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Thesis (M.S)—University of Nebraska—Lincoln, 1970. Department of Agricultural Engineering.


Copyright 1970, the author. Used by permission.


Corn is one of the most important crops in Colombian agriculture. The corn produced is mainly utilized for food purposes along with beans, plantano, rice, and potatoes.

Because of the high cost, sprinkler irrigation is not frequently used to supply the moisture for the seed germination. Then, a more efficient use of the low soil moisture, application of water at planting time or irrigation by gravity could be the solution in order to obtain a uniform stand required for high yields.

The successful use of different methods of minimum tillage and different bed shapes in the United States indicates that these methods could be used successfully in some areas of the tropical zone.

The objective of this study was to determine the effects of several alternative tillage systems on growth relationships and production of corn.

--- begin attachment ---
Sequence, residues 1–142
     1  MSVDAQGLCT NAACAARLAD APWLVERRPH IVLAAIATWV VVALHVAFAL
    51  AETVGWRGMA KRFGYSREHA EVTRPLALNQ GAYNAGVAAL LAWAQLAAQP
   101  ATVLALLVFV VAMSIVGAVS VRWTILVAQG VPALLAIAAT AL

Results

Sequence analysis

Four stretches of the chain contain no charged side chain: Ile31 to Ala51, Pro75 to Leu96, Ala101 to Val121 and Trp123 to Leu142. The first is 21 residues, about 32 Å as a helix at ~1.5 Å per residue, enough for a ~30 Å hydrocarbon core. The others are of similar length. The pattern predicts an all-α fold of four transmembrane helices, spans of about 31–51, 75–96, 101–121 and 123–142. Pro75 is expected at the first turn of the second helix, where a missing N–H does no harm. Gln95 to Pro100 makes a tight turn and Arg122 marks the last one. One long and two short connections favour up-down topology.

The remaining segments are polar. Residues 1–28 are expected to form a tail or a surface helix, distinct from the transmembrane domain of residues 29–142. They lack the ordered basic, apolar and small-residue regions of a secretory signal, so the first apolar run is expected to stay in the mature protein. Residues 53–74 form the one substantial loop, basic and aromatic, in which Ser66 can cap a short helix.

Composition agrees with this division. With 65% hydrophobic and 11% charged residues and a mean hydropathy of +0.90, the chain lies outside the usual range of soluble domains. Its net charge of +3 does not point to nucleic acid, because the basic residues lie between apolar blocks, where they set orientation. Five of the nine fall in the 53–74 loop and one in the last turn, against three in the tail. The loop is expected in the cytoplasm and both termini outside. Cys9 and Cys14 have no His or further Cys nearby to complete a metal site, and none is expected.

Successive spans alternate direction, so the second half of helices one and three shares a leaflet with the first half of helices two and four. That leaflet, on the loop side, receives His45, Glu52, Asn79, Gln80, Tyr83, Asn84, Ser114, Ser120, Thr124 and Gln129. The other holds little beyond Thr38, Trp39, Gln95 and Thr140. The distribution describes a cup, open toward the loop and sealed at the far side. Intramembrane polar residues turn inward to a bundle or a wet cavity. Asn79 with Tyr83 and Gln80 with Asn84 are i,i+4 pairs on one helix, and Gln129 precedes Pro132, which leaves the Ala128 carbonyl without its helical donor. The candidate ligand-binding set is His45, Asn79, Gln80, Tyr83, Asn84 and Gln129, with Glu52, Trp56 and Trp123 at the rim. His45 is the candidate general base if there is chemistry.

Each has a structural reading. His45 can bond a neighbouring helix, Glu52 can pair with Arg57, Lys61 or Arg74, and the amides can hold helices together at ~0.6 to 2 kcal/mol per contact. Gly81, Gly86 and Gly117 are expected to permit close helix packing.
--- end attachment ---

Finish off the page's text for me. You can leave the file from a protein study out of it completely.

This initial study of planting in dry soil involved the evaluation of five systems along with the effects of applying fertilizer or water at the time of planting. Alternative systems studied were: (1) Till-plant, (2) Disk and till-plant, (3) Plow and surface plant, (4) Chisel and till-plant, and (5) Plow and plateau plant.

Evaluation of the performance of the alternative systems was based upon measures of corn growth and production. The criteria used were: (1) Plant emergence, (2) Tasseling time, (3) Kernel moisture at harvest, and (4) Shelled corn yields at 15.5% moisture content.

Advisor: Howard D. Wittmuss